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Sem. Cato, my resentments Are sacrific'd to Rome—I stand reprov’d. Cato. Father's, ’tis time you come to a resolve. Luc. Cato, we all go into your opinion, Caesar's behaviour has convinc'd the senate We ought to hold it out till terms arrive. Sem. We ought to hold it out till death; but, Cato, My private voice is drown'd amidst the senate's. Cato. Then let us rise, my friends, and strive to fill This little interval, this pause of life (While yet our liberty and fates are doubtful) With resolution, friendship, Roman bravery, And all the virtues we can crowd into it; That Heav'n may say it ought to be prolong’d. Fathers, farewell—The young Numidian prince Comes forward, and expects to know our counsels. [Exeunt Senators.
Juba, the Roman senate has resolv’d,
jub. The resolution fits a Roman senate.
Whatever fortune shall befall thy father,
Cato. And canst thou think
Jub. Cato, perhaps
Cato. Thy nobleness of soul obliges me.
jub. I’m charm'd whene'er thou talk'st ; I pant for
And all my soul endeavours at perfection.
Cato. Dost thou love watchings, abstinence, and
Laborious virtues all? Learn them from Cato;
Jub. The best good fortune that can fall on Juba, The whole success at which my heart aspires Depends on Cato.
Cato. What does Juba say *
Jub. I would fain retraćt them,
Cato. Tell me thy wish, young prince; make not
A stranger to thy thoughts.
jub. Oh! they're extravagant; Still let me hide them.
Cato. What can Juba ask That Cato will refuse
Jub. I fear to name it. Marcia—inherits all her father's virtues.
Cato. What wouldst thou say?
jub. Cato, thou hast a daughter.
Cato. Adieu, young prince; I would not hear a
Should lessen thee in my esteem. Remember
Enter SYPHAx. Syph. How’s this, my princel What, cover'd with confusion :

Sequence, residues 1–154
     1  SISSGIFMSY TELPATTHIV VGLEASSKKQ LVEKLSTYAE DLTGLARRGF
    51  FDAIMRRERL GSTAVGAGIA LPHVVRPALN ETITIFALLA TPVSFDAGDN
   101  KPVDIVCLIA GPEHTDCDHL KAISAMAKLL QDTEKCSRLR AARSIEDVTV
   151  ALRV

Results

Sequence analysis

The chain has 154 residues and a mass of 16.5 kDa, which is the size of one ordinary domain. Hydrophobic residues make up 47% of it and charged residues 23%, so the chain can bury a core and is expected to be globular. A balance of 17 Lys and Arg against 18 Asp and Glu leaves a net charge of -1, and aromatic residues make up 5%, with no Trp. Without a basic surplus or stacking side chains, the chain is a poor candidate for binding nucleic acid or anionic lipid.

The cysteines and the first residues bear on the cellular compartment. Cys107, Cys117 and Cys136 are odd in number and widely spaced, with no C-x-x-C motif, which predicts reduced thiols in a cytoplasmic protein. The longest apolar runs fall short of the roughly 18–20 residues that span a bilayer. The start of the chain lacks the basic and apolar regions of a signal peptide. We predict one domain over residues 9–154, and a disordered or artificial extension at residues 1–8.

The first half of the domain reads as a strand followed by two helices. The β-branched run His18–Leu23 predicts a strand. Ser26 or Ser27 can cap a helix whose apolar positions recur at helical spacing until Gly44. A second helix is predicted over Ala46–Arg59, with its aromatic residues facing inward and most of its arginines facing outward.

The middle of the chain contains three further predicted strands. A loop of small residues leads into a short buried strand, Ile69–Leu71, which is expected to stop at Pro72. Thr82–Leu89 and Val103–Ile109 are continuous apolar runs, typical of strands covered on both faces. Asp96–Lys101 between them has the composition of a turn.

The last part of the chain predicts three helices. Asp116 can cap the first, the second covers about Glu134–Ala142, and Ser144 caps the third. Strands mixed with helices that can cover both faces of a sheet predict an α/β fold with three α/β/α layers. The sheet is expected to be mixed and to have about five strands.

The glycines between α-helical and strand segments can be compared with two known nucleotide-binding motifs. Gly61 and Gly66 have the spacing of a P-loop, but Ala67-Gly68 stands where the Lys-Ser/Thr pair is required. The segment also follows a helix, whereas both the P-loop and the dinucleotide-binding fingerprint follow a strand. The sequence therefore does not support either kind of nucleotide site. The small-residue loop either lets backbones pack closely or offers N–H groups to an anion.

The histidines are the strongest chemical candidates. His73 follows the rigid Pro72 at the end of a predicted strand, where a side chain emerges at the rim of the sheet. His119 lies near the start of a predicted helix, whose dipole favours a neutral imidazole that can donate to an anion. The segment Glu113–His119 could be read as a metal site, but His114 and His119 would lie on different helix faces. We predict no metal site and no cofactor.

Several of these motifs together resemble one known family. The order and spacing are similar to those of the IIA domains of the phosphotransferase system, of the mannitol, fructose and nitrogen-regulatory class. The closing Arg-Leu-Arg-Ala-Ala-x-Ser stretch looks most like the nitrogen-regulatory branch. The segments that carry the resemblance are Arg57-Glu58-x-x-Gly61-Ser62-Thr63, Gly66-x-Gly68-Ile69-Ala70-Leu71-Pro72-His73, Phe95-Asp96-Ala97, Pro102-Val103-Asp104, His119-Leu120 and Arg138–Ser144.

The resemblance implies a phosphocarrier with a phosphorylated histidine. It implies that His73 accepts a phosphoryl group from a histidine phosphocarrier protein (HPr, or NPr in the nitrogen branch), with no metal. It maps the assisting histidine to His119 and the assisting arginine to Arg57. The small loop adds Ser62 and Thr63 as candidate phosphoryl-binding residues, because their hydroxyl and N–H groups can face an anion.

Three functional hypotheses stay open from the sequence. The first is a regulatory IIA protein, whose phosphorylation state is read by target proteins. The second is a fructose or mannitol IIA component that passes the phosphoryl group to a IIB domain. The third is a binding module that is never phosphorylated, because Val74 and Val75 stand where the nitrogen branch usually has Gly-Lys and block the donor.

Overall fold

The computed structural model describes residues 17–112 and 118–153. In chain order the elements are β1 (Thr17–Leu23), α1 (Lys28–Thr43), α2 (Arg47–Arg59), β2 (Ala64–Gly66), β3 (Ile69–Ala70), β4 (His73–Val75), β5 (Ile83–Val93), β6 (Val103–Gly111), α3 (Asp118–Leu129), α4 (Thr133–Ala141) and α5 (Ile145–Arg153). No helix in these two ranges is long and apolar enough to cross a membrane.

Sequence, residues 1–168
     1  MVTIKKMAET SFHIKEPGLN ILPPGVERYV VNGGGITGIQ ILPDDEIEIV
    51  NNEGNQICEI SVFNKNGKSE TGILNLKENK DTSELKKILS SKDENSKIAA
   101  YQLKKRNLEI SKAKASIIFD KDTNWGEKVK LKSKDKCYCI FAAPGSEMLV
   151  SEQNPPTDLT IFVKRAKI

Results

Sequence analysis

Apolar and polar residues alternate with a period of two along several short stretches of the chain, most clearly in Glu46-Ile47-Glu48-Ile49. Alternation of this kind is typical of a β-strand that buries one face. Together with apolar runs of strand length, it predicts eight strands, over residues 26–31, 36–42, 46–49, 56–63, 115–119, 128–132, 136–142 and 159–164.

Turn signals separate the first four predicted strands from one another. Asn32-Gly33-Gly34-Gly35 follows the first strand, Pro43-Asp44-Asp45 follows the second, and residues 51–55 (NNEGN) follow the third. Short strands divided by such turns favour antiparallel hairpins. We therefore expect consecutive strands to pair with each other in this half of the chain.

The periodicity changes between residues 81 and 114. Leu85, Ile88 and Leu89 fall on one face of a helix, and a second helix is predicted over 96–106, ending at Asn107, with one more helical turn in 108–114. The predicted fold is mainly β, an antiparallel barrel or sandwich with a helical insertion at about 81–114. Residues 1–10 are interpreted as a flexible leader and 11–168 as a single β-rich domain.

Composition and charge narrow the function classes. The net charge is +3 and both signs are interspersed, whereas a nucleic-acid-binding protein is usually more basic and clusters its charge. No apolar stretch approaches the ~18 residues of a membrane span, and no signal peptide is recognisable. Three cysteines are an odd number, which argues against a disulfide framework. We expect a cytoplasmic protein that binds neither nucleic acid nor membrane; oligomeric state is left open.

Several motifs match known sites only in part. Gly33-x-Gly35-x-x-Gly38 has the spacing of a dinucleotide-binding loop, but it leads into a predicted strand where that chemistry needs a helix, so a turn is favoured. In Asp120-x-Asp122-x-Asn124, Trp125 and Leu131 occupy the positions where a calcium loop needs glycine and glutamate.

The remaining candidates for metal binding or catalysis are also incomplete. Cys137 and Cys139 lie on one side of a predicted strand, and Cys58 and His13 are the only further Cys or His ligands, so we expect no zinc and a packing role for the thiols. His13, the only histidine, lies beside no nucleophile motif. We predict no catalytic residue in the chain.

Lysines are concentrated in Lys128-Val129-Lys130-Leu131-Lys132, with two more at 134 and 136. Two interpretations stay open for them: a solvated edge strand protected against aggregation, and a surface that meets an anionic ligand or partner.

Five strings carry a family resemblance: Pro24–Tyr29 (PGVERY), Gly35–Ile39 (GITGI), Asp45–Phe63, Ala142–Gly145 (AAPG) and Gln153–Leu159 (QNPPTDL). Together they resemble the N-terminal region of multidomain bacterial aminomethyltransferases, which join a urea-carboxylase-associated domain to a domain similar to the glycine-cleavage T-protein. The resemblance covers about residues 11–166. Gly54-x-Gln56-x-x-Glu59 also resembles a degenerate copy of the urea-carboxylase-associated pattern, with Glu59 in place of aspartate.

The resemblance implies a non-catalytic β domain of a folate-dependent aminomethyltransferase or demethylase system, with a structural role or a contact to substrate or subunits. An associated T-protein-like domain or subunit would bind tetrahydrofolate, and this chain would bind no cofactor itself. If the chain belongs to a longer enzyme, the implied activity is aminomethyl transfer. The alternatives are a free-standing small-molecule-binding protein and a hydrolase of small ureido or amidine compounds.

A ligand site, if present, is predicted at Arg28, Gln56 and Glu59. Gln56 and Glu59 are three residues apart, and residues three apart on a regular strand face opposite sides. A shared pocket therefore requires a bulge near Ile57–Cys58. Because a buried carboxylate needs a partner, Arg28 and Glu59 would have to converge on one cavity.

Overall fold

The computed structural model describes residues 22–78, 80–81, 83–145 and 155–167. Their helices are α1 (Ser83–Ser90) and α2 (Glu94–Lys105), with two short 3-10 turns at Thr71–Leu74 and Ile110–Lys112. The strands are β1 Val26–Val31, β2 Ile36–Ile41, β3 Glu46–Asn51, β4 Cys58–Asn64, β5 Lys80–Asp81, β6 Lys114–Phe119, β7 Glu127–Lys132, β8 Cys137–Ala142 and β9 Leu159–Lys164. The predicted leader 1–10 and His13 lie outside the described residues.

You look as if yon stern philosopher
jub. Syphax, I’m undone!
Syph. I know it well.
jub. Cato thinks meanly of me. Syph. And so will all mankind. jub. I’ve open'd to him The weakness of my soul, my love for Marcia. Syph. Cato's a proper person to intrust A love-tale with. jub. Oh, I could pierce my heart, My foolish heart. Was ever wretch like Juba t Syph. Alas, my prince, how are you chang'd of late f I’ve known young Juba rise before the sun, To beat the thicket where the tiger slept, Or seek the lion in his dreadful haunts: How did the colour mount into your cheeks, When first you rous'd him to the chacel I've seen you, Ev’n in the Lybian dog-days, hunt him down Then charge him close, provoke him to the rage Of fangs and claws, and, stooping from your horse, Rivet the panting savage to the ground. Jub. Pr'ythee no more. Syph. How would the old king smile To see you weigh the paws, when tipp'd with gold, And throw the shaggy spoils about your shoulders! jub. Syphax, this old man's talk (though honey flow’d In ev'ry word) wou’d now lose all its sweetness. Cato's displeas'd, and Marcia lost for ever. Syph. Young prince, I yet could give you good advice, Marcia might still be yours.